Historian Mike Pride traces Harriet Dame’s service as a field nurse with a storied New Hampshire infantry regiment during the Peninsula campaign, Second Bull Run, Gettysburg, and Cold Harbor. Twice during that service, Dame was briefly captured. In early 1863, she spent months running a busy enterprise in Washington, DC, that connected families at home to soldiers in the field.

 


The Brilliance of Charles Whittlesey

| Filed under: Civil War Era, Environmental Studies, Recent Releases, Regional Interest
Charles Whittlesey cover

The Brilliance of Charles Whittlesey offers the first full-length biography of one of the most outstanding and influential Americans of the 19th century, Charles Whittlesey (1808–1886). Whittlesey advanced numerous fields, including geology, exploration, history, archaeology, and military strategy. Much of his work, however, has been treated as a mere footnote of American history and largely neglected by historians.

 


Yours Affectionately, Osgood

and | Filed under: American History, Civil War Era, Interpreting the Civil War: Texts and Contexts, Recent Releases, U.S. History
Burrows Cover

More than 3 million men served in the American Civil War. In Yours Affectionately, Osgood, editors Sarah Tracy Burrows and Ryan W. Keating have assembled a collection of letters from one of those soldiers—Osgood Vose Tracy of the 122nd New York Infantry. Sarah Tracy Burrows, a descendant of Colonel Tracy, has compiled this expansive collection from her family’s private papers. Paired with illuminating discussion and context from noted historian Ryan W. Keating, Tracy’s letters home follow his journey as a soldier and prisoner of war from his enlistment in September 1862 through the end of the war in May 1865, as Tracy then readjusted to civilian life.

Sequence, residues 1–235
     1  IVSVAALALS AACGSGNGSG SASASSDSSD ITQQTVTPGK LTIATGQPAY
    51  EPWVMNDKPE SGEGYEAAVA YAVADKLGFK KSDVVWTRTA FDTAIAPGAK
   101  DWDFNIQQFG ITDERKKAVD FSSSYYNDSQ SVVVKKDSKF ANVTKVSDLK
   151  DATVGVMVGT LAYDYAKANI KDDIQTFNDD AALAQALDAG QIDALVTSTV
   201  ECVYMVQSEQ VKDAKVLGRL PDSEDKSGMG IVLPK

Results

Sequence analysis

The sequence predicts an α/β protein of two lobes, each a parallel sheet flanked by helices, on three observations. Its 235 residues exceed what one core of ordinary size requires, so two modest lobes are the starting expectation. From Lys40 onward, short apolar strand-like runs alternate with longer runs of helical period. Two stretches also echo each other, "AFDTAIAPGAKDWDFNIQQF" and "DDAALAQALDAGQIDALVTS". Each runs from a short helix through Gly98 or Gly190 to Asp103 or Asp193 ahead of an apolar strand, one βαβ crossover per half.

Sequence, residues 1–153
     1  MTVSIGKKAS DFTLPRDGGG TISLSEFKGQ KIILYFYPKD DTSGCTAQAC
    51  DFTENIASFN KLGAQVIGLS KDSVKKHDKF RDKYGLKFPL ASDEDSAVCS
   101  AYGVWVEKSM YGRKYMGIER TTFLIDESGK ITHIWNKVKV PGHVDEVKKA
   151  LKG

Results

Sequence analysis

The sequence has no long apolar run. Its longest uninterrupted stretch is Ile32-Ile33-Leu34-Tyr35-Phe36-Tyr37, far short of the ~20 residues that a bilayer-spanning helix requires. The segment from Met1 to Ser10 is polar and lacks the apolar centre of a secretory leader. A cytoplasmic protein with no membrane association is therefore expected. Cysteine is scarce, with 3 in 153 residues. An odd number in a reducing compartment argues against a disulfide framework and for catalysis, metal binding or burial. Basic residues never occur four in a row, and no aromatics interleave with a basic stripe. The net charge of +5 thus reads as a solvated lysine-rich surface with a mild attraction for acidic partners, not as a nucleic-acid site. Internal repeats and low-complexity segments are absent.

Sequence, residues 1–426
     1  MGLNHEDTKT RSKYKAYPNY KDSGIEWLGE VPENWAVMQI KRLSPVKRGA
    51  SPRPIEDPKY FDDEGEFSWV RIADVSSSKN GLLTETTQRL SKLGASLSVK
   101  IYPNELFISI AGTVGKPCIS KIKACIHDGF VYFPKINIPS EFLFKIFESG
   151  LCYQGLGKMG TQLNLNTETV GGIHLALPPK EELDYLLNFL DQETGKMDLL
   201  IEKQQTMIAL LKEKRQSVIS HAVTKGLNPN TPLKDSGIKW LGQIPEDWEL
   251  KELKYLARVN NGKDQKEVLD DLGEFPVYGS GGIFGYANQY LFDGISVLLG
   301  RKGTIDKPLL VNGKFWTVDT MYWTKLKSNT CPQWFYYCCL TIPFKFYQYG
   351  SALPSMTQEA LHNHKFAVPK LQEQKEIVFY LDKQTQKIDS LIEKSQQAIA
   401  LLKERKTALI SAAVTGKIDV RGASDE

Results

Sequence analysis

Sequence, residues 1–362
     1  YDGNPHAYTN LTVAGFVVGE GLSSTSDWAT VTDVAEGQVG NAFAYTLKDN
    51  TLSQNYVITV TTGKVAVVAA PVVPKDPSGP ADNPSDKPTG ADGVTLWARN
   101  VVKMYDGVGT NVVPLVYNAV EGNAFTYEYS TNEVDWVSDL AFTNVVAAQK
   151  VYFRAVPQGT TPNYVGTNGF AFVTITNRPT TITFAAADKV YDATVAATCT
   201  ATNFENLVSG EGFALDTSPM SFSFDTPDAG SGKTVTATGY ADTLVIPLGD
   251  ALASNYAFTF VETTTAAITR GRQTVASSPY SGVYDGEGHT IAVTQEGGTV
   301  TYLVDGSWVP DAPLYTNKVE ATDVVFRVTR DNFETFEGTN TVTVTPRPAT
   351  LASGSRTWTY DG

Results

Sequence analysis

Slavery

and | Filed under: Civil War Era, History, Interpreting American History, Recent Releases
Slavery: Interpreting American History. Kent State University Press

To fully understand the various ways in which slavery has been depicted and described is a difficult task. Like any other important historical issue, this requires a thorough grasp of the underlying history, methodological developments over time, and the contemporary politics and culture of historians’ own times. And the case of slavery is further complicated, of course, by changes in the legal and political status of African Americans in the 20th and 21st centuries.

 


A Notable Bully

| Filed under: Civil War Era, History, Interpreting the Civil War: Texts and Contexts, Recent Releases, Understanding Civil War History
A Notable Bully/Cray. Kent State University Press

Largely forgotten by historians, Billy Wilson (1822–1874) was a giant in his time, a man well known throughout New York City, a man shaped by the city’s immigrant culture, its harsh voting practices, and its efforts to participate in the War for the Union. For decades, Wilson’s name made headlines—for many different reasons—in the city’s major newspapers.

 


No Place for Glory

| Filed under: Civil War Era, Civil War Soldiers and Strategies, Recent Releases, Understanding Civil War History
No Place for Glory/Wynstra. Kent State University Press

Over the years, many top historians have cited Major General Robert E. Rodes as the best division commander in Robert E. Lee’s vaunted army. Despite those accolades, Rodes faltered badly at Gettysburg, which stands as the only major blemish on his otherwise sterling record.